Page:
Kyle D'Silva | Pharma & Biopharma Manager of Thermo Fisher Scientific

    Single-use technologies (SUTs) have emerged for use as production bioreactors for therapeutic proteins. Despite advances in SUTs a significant concern exists regarding the risk of release of potentially toxic or inhibitory extractables and leachables (E&Ls) substances. These E&Ls may detrimentally affect cell viability or productivity during upstream processing operations or may persist during downstream processing and represent a risk to the patient if remaining in the final drug product. Characterizing E&Ls from such materials is a necessary step in establishing their suitability for use in biomanufacturing processes. In this study, 34 plastic films from single-use bags (SUBs) for cell cultivation were extracted with incubated at small-scale under accelerated-aging conditions that represented working conditions of use. The resulting extracts were characterized by several chromatographic and mass spectrometric analytical techniques, including both LC and GC high resolution accurate mass MS to establish the corresponding E&Ls profiles.

    • Collaboration with 7 leading biopharmaceutical manufacturers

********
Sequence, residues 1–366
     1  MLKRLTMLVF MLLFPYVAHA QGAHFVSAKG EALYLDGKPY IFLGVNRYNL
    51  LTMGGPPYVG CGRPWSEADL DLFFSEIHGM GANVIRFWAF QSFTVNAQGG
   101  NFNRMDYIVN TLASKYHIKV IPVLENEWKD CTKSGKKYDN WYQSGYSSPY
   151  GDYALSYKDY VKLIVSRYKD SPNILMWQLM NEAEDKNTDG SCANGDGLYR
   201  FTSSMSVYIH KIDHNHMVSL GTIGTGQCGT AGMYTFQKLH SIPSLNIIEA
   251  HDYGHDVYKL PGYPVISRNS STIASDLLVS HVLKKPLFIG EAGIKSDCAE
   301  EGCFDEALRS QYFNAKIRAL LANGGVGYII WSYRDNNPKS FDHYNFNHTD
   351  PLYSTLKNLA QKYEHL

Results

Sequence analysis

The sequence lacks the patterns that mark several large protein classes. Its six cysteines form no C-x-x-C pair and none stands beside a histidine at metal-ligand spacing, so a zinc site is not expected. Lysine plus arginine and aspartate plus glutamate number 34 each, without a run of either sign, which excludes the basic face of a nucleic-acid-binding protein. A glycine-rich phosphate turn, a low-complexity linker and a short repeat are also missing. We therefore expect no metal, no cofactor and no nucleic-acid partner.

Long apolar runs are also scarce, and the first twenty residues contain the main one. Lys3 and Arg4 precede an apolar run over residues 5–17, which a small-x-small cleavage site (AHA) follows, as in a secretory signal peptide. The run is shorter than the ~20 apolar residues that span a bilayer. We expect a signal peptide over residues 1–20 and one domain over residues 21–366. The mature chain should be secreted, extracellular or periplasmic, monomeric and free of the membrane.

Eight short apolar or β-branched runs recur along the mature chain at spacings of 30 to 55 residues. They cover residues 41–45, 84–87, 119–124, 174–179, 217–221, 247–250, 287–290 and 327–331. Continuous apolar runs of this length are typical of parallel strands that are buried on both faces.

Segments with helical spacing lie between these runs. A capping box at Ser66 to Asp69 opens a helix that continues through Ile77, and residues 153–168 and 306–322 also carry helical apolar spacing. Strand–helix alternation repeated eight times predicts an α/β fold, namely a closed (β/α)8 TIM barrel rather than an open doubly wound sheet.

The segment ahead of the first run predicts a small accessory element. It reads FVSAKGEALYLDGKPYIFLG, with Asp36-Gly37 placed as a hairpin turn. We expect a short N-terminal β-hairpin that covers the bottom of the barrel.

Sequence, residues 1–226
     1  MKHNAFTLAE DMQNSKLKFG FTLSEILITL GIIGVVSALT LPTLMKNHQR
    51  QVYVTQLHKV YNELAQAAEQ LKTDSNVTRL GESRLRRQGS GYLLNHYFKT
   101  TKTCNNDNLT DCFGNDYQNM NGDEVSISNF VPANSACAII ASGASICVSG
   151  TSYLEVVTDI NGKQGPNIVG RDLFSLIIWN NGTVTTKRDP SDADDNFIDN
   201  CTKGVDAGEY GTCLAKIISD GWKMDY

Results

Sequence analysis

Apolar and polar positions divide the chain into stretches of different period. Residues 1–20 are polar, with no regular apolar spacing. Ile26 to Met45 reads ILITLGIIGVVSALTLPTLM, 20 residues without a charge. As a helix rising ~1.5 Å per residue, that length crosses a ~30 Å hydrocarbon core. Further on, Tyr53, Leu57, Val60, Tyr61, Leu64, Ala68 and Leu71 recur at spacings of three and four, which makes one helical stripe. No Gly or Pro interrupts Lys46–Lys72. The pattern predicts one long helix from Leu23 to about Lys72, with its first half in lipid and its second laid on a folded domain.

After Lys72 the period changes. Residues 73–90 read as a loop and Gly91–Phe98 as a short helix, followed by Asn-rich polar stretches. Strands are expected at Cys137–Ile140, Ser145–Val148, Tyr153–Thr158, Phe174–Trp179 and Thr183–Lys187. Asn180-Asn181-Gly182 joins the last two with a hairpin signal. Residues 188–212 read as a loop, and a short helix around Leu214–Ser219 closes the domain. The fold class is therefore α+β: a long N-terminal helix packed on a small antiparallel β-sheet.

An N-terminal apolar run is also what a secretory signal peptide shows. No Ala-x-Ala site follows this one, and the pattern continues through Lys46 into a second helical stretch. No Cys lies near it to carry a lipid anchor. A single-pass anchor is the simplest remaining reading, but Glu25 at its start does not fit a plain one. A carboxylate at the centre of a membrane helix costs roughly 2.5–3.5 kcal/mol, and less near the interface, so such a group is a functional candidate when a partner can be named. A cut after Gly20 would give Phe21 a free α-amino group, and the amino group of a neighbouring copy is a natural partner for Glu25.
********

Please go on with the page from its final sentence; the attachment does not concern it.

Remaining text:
• Evaluation of 5 brands of single use bioprocess materials
    • Over 1500 individual sample analyses using ICP-MS, HRAM LC-MS/MS, HRAM GC-MS/MS and GC-MS
  3. Interpreting BPOG extractables data to support qualification and safety risk assessment for effective adoption of single-use systems in drug manufacturing processes

    Queenie Gai | Extractable Lab Supervisor – BioReliance Validation Services, China of Merck Chemicals (Shanghai) Co., Ltd., China

    A successful adoption of single use technology in a Biopharmaceutical process largely relies on the confidence in selection of such materials for the process. An extractables profile generated by carefully choosing the solvent streams and the extraction conditions to broadly model the product and the process conditions with the right analytical strategy is an important step in the process qualification.

    This presentation will focus on the extractables data generated by adopting the BioPhorum Operations Group (BPOG) protocol as a baseline testing strategy as applied to the single use technology. The discussion will include the next step of skillfully applying the extractables data obtained to a specific process, followed by a systematic risk based safety assessment achieved through comparison to known permissible daily exposure (PDE) thresholds. The various stages in the risk assessment process will be demonstrated through case studies for single-use components used in typical drug manufacturing processes